11 Lancashire businesses closed for good as pandemic effect hits
Written by Skywave Radio News on July 22, 2020
It’s difficult to overstate the impact that coronavirus has had on businesses across the country.
Lancashire has not been able to avoid the pandemic and resulting lockdown’s devastating effect on its local economy.
All ‘non-essential’ stores were closed on March 23 when Prime Minister Boris Johnson announced that the country would be entering lockdown.
That meant many businesses, big and small, have been forced to shut for good as they became unsustainable to run.
Here are just a few well-known ventures which have unfortunately not been able to make it out of the national lockdown.
Vinyl Groove Café, Lytham St Annes
Lytham’s unique Vinyl Groove Café did not reopen following the easing of lockdown restrictions, due to the trading impact caused by coronavirus.
The café, located on Queen Street, cited the financial loss during what would be the busy part of the year for them, alongside the ‘difficult environment’ with social distancing, as reasons for closing for good.
It had been open since 2015 and was designed to bring together music lovers in the community.
Ian Barnett, owner of Vinyl Groove Café, said in a statement: “COVID-19 has had a huge impact on the hospitality industry, not being able to fully trade during the busier half of the year and with ongoing restrictions, makes it unfortunately very difficult to continue trading.”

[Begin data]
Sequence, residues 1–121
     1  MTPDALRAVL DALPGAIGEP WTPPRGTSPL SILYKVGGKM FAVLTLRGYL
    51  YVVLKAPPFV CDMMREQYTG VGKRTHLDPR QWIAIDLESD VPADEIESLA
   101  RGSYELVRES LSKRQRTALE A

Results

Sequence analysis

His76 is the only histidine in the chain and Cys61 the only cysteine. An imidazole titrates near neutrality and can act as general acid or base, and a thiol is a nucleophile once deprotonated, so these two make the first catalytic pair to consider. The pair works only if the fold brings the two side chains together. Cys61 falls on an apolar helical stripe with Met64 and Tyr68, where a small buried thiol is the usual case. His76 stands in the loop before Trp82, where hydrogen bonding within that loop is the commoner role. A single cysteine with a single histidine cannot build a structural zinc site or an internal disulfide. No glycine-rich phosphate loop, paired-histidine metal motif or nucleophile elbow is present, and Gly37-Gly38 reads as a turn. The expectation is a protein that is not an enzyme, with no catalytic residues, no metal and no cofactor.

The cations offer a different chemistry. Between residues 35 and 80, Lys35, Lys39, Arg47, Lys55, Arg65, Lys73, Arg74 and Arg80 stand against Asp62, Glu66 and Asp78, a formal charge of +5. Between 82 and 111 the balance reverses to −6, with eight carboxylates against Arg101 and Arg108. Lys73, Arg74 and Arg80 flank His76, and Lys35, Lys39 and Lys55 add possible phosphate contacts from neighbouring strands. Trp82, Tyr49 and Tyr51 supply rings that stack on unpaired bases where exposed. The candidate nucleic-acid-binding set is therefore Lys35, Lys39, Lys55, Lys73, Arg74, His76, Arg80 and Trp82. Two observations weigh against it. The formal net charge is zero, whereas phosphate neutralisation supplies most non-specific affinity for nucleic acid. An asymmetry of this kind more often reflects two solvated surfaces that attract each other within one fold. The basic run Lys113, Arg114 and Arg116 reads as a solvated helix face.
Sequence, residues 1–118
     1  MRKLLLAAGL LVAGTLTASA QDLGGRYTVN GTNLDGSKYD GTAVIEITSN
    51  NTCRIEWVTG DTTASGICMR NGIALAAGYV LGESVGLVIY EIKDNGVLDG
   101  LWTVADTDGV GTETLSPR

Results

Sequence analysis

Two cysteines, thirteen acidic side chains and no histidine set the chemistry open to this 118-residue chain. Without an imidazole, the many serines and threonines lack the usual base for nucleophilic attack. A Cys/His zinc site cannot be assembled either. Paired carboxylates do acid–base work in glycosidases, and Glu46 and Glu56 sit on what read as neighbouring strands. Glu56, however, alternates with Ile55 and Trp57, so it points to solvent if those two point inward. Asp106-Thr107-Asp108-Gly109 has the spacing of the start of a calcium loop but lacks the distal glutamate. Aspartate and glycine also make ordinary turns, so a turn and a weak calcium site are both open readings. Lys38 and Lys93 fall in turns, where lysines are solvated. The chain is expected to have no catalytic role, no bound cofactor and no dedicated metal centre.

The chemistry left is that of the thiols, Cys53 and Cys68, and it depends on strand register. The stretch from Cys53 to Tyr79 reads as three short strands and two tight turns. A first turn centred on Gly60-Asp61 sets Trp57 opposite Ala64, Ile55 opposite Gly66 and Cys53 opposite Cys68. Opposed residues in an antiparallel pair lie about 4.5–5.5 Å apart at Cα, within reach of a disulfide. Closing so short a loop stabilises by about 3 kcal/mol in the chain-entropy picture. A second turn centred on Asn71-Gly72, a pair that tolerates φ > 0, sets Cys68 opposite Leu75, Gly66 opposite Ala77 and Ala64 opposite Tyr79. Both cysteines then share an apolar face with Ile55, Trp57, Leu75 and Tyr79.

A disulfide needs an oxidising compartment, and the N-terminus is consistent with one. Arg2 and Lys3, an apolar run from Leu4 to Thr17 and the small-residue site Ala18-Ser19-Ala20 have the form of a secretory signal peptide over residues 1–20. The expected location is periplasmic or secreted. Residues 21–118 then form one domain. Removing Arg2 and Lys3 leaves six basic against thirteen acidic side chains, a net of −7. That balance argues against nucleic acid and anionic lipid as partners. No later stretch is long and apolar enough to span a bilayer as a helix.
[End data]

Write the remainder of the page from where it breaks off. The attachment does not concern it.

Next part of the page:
“I would like to take this opportunity to thank our regular/loyal customers and of course the great team of people, who have worked alongside me since opening the café in April 2015,” he added.
Buzz Bingo, Chorley
The major bingo hall on Market Street in Chorley is one of 26 across the UK set to close next month, putting 573 jobs at risk.
Buzz closed its sites across the UK on March 21 due to the national lockdown, and furloughed the majority of its staff.
Now, the company has said it will “take time” for footfall to reach pre-virus levels due to social distancing measures and weaker customer confidence.
Chris Matthews, chief executive of Buzz Bingo, said: “The ongoing pandemic has had far-reaching consequences for the entire leisure and hospitality sector and an immediate and significant impact on our business.
“The restructure will, very sadly, impact a number of our colleagues and my priority is to support all those affected and keep them fully informed as we continue with this process.”
Scrooges Bar, Blackpool
The lockdown led to Scrooges Bar in Blackpool to close earlier than expected, after already announcing plans to shut down as the site became earmarked for redevelopment.
The pair spoke of the difficulty of “walking away from a hugely successful business”, but said the worst thing for them was not being able to have one last party due to the coronavirus pandemic.